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It often occurs in nature, however, in the coloring of bird feathers and butterfly scales, and on the elytra of brightly colored beetles …

By slowly backing away from the painting, to a distance where the pigment and surface sculpturing blend together, the overwhelming beauty of the olive-colored Madonna emerges as if by magic.” This, along with an iridescent quality of slightly changing colors depending on the angle at which a person looks and the fact that the coloration in the image was determined to have no animal or mineral elements (synthetic colorings didn’t exist in 1531), provide a lot of seemingly unanswerable questions. One of the first things skeptics say about the image is that it somehow has to be a forgery or a fraud, but every time an attempt has been made to replicate the image, the original never seems to fade, while its duplicates have deteriorated over a short time.

It looked beautiful when painted, but not eight years passed before the hot & humid climate of Mexico caused the copy to be discarded due to faded colors and fraying, broken threads. Orozco said, no scientific explanation is possible for the fact that “the original Tilma was exposed for approximately 116 years without any kind of protection, receiving all the infrared and ultraviolet radiation from the tens of thousands of candles near it and exposed to the humid and salty air around the temple.” That’s awesome. 9, the day of the unveiling, is barely two weeks from Christmas…).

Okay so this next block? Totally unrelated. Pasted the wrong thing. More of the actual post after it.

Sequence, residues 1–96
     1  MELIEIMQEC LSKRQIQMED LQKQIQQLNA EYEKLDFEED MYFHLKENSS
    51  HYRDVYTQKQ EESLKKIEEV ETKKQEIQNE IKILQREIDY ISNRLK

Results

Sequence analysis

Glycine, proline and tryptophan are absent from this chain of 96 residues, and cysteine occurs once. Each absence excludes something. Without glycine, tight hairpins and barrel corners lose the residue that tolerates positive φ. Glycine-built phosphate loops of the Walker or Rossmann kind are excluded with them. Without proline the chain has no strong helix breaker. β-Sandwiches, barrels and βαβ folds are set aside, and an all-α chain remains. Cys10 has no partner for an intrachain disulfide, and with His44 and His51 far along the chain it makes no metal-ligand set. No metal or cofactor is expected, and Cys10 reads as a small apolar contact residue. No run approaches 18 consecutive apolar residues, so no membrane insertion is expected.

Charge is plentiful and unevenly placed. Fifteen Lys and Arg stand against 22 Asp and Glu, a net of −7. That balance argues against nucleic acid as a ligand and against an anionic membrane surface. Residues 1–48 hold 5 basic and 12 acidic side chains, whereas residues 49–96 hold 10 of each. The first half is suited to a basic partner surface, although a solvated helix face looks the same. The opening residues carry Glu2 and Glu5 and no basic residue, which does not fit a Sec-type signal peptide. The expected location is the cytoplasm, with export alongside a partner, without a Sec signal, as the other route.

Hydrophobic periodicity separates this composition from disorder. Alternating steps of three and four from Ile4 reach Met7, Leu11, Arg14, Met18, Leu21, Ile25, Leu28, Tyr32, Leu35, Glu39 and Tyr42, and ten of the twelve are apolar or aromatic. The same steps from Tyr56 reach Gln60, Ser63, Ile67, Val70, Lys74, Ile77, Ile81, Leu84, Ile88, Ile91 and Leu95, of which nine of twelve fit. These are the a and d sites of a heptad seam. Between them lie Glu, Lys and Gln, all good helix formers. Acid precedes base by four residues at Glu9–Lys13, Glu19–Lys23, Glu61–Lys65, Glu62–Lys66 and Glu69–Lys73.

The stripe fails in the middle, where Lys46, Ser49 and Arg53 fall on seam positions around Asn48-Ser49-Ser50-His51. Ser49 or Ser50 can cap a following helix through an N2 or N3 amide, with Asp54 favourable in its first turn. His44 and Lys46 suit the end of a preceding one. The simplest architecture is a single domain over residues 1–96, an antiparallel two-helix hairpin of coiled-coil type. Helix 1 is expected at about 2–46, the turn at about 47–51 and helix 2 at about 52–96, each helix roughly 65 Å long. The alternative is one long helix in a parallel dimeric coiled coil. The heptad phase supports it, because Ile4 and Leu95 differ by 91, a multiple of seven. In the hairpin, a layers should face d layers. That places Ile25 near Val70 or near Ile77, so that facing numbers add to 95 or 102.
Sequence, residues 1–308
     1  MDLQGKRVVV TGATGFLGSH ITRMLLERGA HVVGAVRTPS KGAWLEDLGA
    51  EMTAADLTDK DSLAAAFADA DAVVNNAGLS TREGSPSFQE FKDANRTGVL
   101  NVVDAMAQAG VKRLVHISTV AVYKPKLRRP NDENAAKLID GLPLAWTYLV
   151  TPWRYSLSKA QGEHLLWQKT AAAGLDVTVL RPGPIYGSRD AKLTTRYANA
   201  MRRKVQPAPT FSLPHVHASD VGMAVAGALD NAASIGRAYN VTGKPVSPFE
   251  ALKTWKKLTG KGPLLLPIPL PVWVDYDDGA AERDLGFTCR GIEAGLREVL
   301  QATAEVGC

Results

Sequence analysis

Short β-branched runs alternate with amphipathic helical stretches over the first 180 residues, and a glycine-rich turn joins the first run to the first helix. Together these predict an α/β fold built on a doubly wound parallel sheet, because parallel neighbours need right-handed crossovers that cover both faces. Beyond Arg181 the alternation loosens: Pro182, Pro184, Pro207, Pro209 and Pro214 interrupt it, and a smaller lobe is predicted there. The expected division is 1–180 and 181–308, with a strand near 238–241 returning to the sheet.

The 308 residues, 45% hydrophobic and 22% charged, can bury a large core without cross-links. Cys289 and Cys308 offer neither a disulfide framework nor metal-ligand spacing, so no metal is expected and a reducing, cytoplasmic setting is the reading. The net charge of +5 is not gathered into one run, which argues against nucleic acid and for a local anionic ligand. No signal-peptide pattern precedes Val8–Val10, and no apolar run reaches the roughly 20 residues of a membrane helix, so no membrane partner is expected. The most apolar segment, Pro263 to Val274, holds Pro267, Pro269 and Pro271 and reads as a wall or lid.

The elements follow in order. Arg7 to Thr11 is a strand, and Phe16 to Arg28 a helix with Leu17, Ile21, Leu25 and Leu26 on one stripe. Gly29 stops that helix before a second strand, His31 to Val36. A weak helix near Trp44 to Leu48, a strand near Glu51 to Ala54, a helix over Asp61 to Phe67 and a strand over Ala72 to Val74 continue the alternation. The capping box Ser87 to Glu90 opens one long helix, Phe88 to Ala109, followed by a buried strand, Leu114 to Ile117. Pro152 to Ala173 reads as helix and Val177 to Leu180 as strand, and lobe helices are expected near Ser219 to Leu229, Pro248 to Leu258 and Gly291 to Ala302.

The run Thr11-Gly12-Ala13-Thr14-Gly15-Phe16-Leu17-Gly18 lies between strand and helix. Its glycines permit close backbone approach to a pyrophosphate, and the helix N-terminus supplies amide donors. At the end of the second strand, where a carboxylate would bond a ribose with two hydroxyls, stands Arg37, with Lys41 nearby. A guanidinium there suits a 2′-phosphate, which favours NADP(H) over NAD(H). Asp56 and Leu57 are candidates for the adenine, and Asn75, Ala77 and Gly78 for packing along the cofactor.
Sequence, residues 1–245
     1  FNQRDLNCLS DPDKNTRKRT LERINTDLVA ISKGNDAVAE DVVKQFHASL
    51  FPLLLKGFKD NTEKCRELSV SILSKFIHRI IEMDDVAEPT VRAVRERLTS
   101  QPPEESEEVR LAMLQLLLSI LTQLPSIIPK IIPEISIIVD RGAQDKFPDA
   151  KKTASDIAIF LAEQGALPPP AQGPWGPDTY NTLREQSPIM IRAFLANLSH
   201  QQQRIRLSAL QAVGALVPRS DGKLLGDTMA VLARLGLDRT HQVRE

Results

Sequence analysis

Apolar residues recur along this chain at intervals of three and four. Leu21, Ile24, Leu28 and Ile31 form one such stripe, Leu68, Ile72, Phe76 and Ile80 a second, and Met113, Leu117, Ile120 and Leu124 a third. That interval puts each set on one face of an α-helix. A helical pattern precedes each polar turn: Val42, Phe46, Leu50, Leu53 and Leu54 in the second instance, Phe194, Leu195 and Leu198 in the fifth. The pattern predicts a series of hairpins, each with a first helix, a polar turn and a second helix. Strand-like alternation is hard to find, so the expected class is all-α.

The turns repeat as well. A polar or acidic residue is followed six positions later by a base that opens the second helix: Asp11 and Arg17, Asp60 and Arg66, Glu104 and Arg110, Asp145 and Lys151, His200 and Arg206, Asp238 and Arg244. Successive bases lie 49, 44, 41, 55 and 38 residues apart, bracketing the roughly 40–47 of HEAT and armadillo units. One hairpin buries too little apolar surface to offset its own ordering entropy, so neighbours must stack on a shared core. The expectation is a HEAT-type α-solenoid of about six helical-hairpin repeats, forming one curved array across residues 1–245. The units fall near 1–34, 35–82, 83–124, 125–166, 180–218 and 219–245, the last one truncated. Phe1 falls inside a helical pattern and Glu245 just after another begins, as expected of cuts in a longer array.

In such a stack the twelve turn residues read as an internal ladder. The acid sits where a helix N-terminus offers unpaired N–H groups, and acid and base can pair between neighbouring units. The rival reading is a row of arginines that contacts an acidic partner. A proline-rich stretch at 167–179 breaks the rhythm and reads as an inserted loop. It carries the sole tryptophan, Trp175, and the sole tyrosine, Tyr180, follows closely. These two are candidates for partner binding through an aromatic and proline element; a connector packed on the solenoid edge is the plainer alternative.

Finally, one of the most common attributions and reported discoveries lie with the Virgin’s eyes in the image. Jose Alte Tonsmann, a Peruvian ophthalmologist, conducted a study, one of his tests involved examining the eyes at 2,500 times magnification.

The only damage that occurred in close proximity to the tilma was a hefty brass crucifix, which was twisted and bent back by the blast.

I hadn’t until a teenager mentioned it in a comment on another article.

The shrine that was subsequently built on the spot, where the original tilma can still be seen, remains one of the most popular pilgrimage sites in the world.

But this article isn’t about the whole apparition story so much as it is about the tilma, Juan Diego’s cloak, on which the image of the Blessed Mother was imprinted.

In 1785, a worker was cleaning the glass encasement of the image when he accidentally spilled 50% nitric acid solvent onto a large portion of the image itself.

The image and the rest of the tilma, which should have been eaten away almost instantly by the spill, reportedly self-restored over the ensuing 30 days, and remains unscathed to this day aside from small stains on the parts not bearing the image.

I’ve also had several requests from concerned parents asking for a review.

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